“Oh, my poor ear.” Her godmother clicked her tongue. “In my line of work, reputation is everything. Something as inconsequential as having an unwed, twenty-nine-year-old goddaughter could be spun into a personal failure.”

“What about Jeremy oppa?” Emma was breathing so hard she probably looked like a charging bull. And she sure wanted to ram into something. “Your son is thirty-two years old and still single. Why isn’t he your personal failure?”

“Jeremy is busy building his practice—”

“Well, I’m busy building my culinary school,” Emma snapped, then closed her eyes. There was no point in berating her godmother. She wasn’t responsible for the inequities of society, where a woman’s worth hinged on her youth and beauty. “Just say it.”

“And he’s a man,” Auntie Soo said with a resigned sigh. “He has at least two more years until he’s considered an aging bachelor—probably longer since he has an MD.”

“Ugh. Just ugh.” Fuck patriarchy. Emma massaged her temple. “It’s all so ridiculous. The Crones are just going to make themselves look foolish.”

“The problem is I deal mostly with my clients’ mothers, and they tend to have thin ears.”

“Thin ears?” Emma returned the spice jars to their original positions, too agitated to keep still.

“It’s a Korean saying,” her godmother explained. “People with thin ears are easily swayed by what others tell them. They confuse gossip at the grocery store with gospel.”

“So they’ll question your competence just because the Crones say so?” Emma stopped puttering around the kitchen and headed for the stairs. She needed to continue this conversation in private. Her dad was out in the garden for now, but she didn’t want him to come in and overhear something that might cause him to worry.

“I’m afraid they will.” Auntie Soo sighed. “If I lose clients over this, you’ll lose clients as well.”

Emma trudged into her pale sage bedroom, her knees feeling weak. She plopped down on the neatly made bed and smoothed her hand over its simple cream bedding with a mountain of artfully arranged pillows.

She was so close to achieving her dream. If business continued like this for a few more months, she would have enough money saved up for a down payment on a commercial kitchen. She had something special to share with the world. She could help people create moments of warmth, joy, and beauty in their lives.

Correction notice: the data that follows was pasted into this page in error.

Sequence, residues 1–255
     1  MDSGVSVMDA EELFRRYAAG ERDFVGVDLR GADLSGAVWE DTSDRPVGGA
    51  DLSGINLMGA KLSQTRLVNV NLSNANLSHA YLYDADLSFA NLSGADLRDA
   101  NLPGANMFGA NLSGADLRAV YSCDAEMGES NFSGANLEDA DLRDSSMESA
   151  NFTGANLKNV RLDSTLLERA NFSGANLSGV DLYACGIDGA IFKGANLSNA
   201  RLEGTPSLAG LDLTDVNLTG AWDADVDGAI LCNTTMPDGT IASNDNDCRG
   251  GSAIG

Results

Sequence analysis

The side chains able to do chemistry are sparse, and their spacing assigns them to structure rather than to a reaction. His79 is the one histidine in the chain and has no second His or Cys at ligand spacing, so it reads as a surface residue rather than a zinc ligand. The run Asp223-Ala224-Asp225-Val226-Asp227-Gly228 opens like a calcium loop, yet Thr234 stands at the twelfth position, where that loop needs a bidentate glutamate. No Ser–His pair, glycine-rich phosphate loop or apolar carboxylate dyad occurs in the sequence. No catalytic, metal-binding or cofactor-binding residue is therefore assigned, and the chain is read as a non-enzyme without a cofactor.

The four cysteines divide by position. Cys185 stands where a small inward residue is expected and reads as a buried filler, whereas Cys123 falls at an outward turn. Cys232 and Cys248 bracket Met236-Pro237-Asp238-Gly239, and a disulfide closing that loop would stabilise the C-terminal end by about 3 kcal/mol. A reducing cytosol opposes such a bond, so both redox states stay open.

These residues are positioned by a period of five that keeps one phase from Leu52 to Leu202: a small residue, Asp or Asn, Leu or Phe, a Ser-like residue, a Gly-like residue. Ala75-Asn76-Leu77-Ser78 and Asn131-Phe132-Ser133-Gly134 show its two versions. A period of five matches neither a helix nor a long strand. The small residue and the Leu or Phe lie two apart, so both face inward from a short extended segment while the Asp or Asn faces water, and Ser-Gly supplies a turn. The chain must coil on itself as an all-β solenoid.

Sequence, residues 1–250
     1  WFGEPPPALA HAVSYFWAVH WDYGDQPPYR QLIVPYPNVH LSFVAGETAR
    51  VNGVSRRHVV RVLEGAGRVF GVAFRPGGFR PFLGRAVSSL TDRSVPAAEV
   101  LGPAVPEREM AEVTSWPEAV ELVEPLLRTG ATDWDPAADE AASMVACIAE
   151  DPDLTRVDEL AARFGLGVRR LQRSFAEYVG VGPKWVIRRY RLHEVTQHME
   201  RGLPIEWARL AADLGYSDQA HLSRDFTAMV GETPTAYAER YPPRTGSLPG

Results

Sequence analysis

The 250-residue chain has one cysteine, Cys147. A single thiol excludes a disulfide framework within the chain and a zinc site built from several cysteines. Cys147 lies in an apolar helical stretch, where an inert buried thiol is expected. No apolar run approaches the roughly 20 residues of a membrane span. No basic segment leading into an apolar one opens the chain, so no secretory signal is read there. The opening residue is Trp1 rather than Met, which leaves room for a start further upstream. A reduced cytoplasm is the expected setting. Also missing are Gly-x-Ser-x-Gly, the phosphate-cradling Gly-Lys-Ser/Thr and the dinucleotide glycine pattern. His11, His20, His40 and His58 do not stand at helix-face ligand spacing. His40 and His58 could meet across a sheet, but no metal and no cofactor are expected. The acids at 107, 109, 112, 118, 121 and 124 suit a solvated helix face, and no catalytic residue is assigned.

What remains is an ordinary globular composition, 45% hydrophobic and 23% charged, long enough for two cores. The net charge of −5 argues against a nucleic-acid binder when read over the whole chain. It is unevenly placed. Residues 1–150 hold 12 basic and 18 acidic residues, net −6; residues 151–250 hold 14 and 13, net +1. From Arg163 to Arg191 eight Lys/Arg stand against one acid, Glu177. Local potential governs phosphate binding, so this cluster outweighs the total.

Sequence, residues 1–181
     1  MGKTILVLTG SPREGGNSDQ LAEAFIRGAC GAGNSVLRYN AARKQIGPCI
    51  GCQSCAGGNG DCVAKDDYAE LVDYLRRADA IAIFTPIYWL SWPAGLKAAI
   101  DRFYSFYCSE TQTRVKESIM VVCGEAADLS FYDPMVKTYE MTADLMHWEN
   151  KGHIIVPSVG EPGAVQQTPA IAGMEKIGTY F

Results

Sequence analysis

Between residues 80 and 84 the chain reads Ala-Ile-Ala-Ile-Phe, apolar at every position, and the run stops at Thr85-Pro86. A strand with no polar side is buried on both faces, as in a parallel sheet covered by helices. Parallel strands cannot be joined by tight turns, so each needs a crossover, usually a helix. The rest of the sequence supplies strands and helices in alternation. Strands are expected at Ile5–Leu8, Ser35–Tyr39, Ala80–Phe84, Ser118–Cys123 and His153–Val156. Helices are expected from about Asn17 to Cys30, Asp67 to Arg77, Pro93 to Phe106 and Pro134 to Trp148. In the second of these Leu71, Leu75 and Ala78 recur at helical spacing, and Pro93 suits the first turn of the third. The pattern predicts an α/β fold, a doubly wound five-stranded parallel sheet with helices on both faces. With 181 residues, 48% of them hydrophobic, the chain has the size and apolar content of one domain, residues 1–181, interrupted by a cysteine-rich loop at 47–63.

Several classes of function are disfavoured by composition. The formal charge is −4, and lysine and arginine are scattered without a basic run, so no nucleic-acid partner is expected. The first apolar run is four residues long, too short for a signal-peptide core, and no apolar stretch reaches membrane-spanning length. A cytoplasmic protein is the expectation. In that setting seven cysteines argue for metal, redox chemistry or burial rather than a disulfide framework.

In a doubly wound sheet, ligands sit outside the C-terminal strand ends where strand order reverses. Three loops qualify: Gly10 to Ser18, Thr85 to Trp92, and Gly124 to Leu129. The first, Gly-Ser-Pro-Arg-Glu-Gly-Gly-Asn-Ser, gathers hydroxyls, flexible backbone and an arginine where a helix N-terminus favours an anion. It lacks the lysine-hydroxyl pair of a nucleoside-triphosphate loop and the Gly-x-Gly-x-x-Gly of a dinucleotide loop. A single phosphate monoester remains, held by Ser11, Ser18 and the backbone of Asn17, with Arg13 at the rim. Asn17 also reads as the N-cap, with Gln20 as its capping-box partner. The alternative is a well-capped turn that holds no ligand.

The house had felt so dark and cold after her mom left, but the simple grilled cheese sandwich and tomato soup she had made for dinner had brought a smile to her dad’s face—a smile that had felt like sunshine and hope. Food had the power to do that. She had the power to do that. Her hands curled into fists on her thighs. She wasn’t about to let a group of petty, spiteful women take that away from her.

“Madame Ddu.” She shot to her feet and jutted her chin. She didn’t particularly feel ready, but she’d always intended on having an arranged marriage. Why not now, when it could be so helpful to her and her godmother? Emma had worked too hard to delay her dream any longer. “It’s time for you to make my match.”


“I don’t understand why you insist on staying at a hotel.” Gabriel glanced around the hotel café, then shrugged his reluctant approval. “Charming café notwithstanding.”

Michel took a sip of his excellent coffee. The hotel was something of a historical monument, built more than a hundred years ago, with rich wood panels, sparkling chandeliers, and a grand double staircase. But the airy, sunlit café that sat beneath the vaulted ceilings of the lobby was the main perk of staying at this hotel.

The café was the perfect place to prepare for his lectures—and put out the occasional fires with the ministers back home—while indulging in some people watching. The hotel bustled with a variety of clientele, from tourists dressed head to toe in Mickey Mouse paraphernalia to businesspeople in somber, dark suits. Michel relished the luxury of being the one to observe others for once.

“There are many things about me you will never understand, my dear cousin,” he drawled.